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A. Olding [20]Alan Olding [5]
  1.  31
    Biology and Knowledge.A. Olding - 1983 - Theoria 49 (1):1-22.
  2.  39
    The Ontological Status of Secondary Qualities.A. Olding - 1968 - Australasian Journal of Philosophy 46:52.
  3.  4
    A Defence of Evolutionary Laws.A. Olding - 1978 - British Journal for the Philosophy of Science 29 (2):131-143.
  4.  26
    The Argument From Design—a Reply to R. G. Swinburne.A. Olding - 1971 - Religious Studies 7 (4):361 - 373.
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  5.  14
    The Argument From Design—a Reply to R. G. Swinburne1: A. OLDING.A. Olding - 1971 - Religious Studies 7 (4):361-373.
    Of all the arguments for the existence of God, the argument from design is in many respects the most impressive, as everyone remarks that Kant remarked. Certainly it is an argument which seems to have appealed to the popular imagination and even today does not lack philosophical proponents. The purpose of the present paper is to examine a recent formulation of the argument. In particular I shall be concerned to bring into the open its dualist assumptions and to show how (...)
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  6.  23
    Resurrection Bodies and Resurrection Worlds.A. Olding - 1970 - Mind 79 (316):581-585.
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  7.  7
    John Anderson and Religion.A. Olding - 1983 - Philosophical Investigations 6 (3):200-213.
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  8.  4
    Finite and Infinite Gods.A. Olding - 1967 - Sophia 6 (1):3-7.
  9.  3
    D.Z. Phillips and Religious Language.A. Olding - 1977 - Sophia 16 (1):23-28.
  10.  22
    Against Instinct: From Biology to Philosophical Psychology.Alan Olding - 1993 - Review of Metaphysics 46 (3):642-643.
    If, as is now commonly believed, there are no impenetrable fences separating science from philosophy, there seems no good reason why scientists and philosophers should not cultivate each other's gardens. It is in this spirit, and not as a mere servant, that Senchuk works to bring down the theory of the instinctive in its various guises and replace it with his own account of conscious flexibility. His primary concern is, I think, with the explanation of human behavior, but frogs, geese, (...)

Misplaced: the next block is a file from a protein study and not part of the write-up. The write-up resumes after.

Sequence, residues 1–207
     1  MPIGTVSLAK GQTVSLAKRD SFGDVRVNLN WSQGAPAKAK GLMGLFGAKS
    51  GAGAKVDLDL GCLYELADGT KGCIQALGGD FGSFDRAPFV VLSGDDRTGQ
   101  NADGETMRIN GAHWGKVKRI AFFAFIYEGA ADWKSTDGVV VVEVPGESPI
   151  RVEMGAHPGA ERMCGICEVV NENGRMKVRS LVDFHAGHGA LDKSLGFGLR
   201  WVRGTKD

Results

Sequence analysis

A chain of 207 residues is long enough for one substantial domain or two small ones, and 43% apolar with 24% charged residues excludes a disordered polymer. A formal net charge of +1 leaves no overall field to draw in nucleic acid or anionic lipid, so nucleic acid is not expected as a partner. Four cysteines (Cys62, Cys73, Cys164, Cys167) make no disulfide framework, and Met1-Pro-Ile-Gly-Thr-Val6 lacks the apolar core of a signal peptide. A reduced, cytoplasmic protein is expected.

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  11.  5
    Design—A Further Reply to R. G. Swinburne.A. Olding - 1973 - Religious Studies 9 (2):229 - 232.
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  12.  2
    Design—A Further Reply to R. G. Swinburne1: A. OLDING.A. Olding - 1973 - Religious Studies 9 (2):229-232.
  13.  51
    Frank Jackson and the Spatial Distribution of Sense-Data.A. Olding - 1980 - Analysis 40 (June):158-162.
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  14.  3
    Flew on Souls.A. Olding - 1970 - Sophia 9 (3):11-12.
  15. Modern Biology & Natural Theology.Alan Olding - 1990 - Routledge.
    By asking how well theological views of human nature stand up to the discoveries of modern science, Alan Olding re-opens the question of whether the "design" argument for the existence of God is fatally undermined. A distinctive feature of the work is its emphasis on the metaphysical implications of biology and how these at times conflict with other, more plausible metaphysical positions. Another is its close critical examination of the "design" argument and of the relation God has to the world (...)
     
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  16. Modern Biology and Natural Theology.Alan Olding - 1993 - International Journal for Philosophy of Religion 34 (2):115-116.
     
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  17. Modern Biology and Natural Theology.Alan Olding - 1991 - Mind 100 (3):406-408.
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  18. Modern Biology and Natural Theology.Alan Olding - 1992 - Religious Studies 28 (3):425-426.
     
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  19. Mary Midgley, Evolution as a Religion: Strange Hopes and Stranger Fears. [REVIEW]A. Olding - 1987 - Philosophy in Review 7:74-76.
     
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  20.  12
    Polanyi's Notion of Hierarchy.A. Olding - 1980 - Religious Studies 16 (1):97 - 102.
    Professor Gill's recent defence of the notion of ‘reasons of the heart’ in religion 1 depends upon Polanyi's view that through ‘tacit knowledge’ of lower levels of reality we can come to know something of higher levels - even, I take it, of God, himself, as the highest level of all. Unfortunately, Polanyi's argument for such a hierarchy of being is confused and depends for its apparent strength on an illicit mixing together of ontological and what may be loosely called (...)
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  21.  23
    Reductionism and Natural Selection.A. Olding - 1985 - Synthese 65 (3):407 - 410.
  22.  2
    Review: The History of Darwinism. [REVIEW]A. Olding - 1982 - British Journal for the Philosophy of Science 33 (3):315 - 321.
  23.  13
    Short on Teleology.A. Olding - 1985 - Analysis 45 (3):158.
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  24.  53
    The History of Darwinism. [REVIEW]A. Olding - 1982 - British Journal for the Philosophy of Science 33 (3):315-321.
  25.  51
    The Time-Gap Argument.A. Olding - 1978 - Metaphilosophy 9 (January):44-57.
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